Recently, a friend sent a video interview to me. In the interview, Oprah asks Tyler Perry (of all people), “Why is it, that you think, Hollywood doesn’t see a consistent space for roles for black women?”  The real question is, why don’t you two see a consistent space for talented black women writers and filmmakers? That’s the question. Why aren’t you all employing and lifting us up?! Black women will flock to the theaters if Oprah began to create portraits of black women that sing us true. The way to make this happen is to hire black women to tell our fucking stories. And, if you don’t know where to find us ask Lee Daniels, he knows.

As we prepare for the 50th anniversary of the ‘March on Washington’ let us all remember, ain’t nobody cared about the butler or the woman cleaning the toilets -for generations. The Black 1% has to learn to lift up all black folks -not just the ones whose stories have the potential to garner an Oscar or a bright new shiny lamp.

 

Follow Tanya Steele on Twitter at @digtanya. Or on facebook at https://www.facebook.com/SteeleInk. Or visit digtanya.com.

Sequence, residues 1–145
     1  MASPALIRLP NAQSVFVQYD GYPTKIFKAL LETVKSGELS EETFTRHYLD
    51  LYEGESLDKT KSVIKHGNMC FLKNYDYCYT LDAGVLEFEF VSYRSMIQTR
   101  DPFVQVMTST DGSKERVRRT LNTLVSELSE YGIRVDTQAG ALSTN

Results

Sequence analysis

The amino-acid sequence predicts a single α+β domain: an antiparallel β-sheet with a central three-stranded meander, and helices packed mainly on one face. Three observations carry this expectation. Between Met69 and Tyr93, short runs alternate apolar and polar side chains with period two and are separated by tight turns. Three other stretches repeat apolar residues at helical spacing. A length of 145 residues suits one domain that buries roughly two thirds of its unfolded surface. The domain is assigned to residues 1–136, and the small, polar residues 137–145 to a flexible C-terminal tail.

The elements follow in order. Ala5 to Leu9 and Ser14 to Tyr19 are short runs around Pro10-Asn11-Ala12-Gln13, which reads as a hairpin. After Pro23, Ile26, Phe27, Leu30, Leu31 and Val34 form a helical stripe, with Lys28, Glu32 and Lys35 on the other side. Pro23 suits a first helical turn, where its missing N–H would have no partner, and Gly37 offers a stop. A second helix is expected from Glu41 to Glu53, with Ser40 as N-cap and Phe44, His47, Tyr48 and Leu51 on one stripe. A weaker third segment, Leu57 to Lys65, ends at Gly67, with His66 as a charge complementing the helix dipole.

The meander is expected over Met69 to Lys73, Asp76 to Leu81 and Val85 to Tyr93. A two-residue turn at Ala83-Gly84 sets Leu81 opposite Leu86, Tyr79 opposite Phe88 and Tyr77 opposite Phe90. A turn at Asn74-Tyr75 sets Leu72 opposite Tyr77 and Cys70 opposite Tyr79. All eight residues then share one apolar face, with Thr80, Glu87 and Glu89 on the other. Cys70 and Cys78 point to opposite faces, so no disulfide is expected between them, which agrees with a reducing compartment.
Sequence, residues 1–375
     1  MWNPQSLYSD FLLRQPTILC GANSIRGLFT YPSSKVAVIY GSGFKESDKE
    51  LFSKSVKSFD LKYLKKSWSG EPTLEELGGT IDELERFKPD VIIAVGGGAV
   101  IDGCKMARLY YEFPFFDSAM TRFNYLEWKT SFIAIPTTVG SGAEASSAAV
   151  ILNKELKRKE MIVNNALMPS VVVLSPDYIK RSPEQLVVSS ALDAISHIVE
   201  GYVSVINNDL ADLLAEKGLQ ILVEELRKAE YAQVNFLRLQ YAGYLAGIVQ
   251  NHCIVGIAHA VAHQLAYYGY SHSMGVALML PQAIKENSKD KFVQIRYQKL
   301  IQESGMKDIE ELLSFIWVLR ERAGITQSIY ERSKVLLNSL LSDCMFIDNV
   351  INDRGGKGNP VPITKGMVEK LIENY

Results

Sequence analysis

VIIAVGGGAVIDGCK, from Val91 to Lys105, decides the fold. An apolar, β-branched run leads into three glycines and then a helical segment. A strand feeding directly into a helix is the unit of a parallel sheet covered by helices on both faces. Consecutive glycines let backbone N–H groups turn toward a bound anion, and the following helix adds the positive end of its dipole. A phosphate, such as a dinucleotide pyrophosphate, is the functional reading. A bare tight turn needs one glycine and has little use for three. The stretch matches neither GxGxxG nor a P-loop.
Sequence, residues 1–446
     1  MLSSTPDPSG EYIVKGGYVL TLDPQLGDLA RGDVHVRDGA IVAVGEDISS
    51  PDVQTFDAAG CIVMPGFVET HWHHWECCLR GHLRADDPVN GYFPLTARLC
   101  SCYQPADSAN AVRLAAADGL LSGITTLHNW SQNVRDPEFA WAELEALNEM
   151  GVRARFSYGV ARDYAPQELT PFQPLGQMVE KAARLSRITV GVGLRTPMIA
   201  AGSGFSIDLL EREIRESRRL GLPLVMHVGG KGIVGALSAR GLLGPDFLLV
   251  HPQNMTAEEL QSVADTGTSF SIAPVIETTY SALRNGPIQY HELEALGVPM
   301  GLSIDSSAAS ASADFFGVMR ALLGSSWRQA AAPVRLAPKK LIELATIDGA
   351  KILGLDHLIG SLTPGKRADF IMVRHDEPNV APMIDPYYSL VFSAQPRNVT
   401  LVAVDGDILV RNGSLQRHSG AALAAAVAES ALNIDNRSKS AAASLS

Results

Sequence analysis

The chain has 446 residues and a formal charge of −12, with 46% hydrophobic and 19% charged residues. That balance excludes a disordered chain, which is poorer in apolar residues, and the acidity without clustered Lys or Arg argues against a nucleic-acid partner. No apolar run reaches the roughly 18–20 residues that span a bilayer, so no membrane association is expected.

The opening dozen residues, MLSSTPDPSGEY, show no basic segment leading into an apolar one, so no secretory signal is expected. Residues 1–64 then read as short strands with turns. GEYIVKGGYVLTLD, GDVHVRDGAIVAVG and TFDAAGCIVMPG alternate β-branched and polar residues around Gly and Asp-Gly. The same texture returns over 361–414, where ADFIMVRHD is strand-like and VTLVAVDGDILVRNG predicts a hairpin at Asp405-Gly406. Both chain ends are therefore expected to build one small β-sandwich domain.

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The Oscars, Quvenzhané & The C-Word

The Oscars, Quvenzhané & The C-Word

  on Feb 26, 2013

By Tracy Clayton

UPTOWN_quvenzhane_wallis_beasts_of_the_southern_wild

 

I watched every piece of the Oscars Sunday night, from pre-shows to the very end, which means that I was in front of my television for roughly 23 hours.  My viewing experience began in anger and fury, and it ended the very same way.  And thanks to some despicable behavior from the internet, that anger and fury is persisting hours after the show has ended.

It began when I heard Ryan Seacrest say that “they” (meaning, I assume, he and his E! red carpet cohorts) had decided to call Quvenzhané Wallis, the 9-year-old dynamo nominated for her role in Beasts of the Southern Wild, “Little Q” instead of her actual name.  Here’s a quick breakdown of the problems with this:

1.  That isn’t her name.
2.  To my knowledge, neither Quvenzhané nor her family OK’d this nickname.
3.  That nickname wasn’t given to her out of love or adoration; it was given out of discomfort and a need to control what they deemed as “other” in society.